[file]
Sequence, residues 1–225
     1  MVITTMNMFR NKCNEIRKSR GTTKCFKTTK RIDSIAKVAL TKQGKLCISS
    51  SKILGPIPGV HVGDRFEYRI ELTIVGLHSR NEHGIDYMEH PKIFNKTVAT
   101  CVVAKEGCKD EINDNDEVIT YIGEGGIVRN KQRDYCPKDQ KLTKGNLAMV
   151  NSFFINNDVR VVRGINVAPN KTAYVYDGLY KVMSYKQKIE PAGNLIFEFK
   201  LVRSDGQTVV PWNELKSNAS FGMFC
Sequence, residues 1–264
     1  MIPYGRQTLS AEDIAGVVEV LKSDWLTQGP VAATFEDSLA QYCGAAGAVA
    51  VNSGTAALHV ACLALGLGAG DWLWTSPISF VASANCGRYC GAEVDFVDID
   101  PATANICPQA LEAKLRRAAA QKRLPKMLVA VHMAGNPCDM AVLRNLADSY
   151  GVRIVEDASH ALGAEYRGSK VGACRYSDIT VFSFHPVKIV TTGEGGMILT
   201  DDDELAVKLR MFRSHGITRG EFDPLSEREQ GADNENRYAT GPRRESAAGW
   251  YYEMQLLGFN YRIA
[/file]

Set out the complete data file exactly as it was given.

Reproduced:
Sequence, residues 1–225
     1  MVITTMNMFR NKCNEIRKSR GTTKCFKTTK RIDSIAKVAL TKQGKLCISS
    51  SKILGPIPGV HVGDRFEYRI ELTIVGLHSR NEHGIDYMEH PKIFNKTVAT
   101  CVVAKEGCKD EINDNDEVIT YIGEGGIVRN KQRDYCPKDQ KLTKGNLAMV
   151  NSFFINNDVR VVRGINVAPN KTAYVYDGLY KVMSYKQKIE PAGNLIFEFK
   201  LVRSDGQTVV PWNELKSNAS FGMFC
Sequence, residues 1–264
     1  MIPYGRQTLS AEDIAGVVEV LKSDWLTQGP VAATFEDSLA QYCGAAGAVA
    51  VNSGTAALHV ACLALGLGAG DWLWTSPISF VASANCGRYC GAEVDFVDID
   101  PATANICPQA LEAKLRRAAA QKRLPKMLVA VHMAGNPCDM AVLRNLADSY
   151  GVRIVEDASH ALGAEYRGSK VGACRYSDIT VFSFHPVKIV TTGEGGMILT
   201  DDDELAVKLR MFRSHGITRG EFDPLSEREQ GADNENRYAT GPRRESAAGW
   251  YYEMQLLGFN YRIA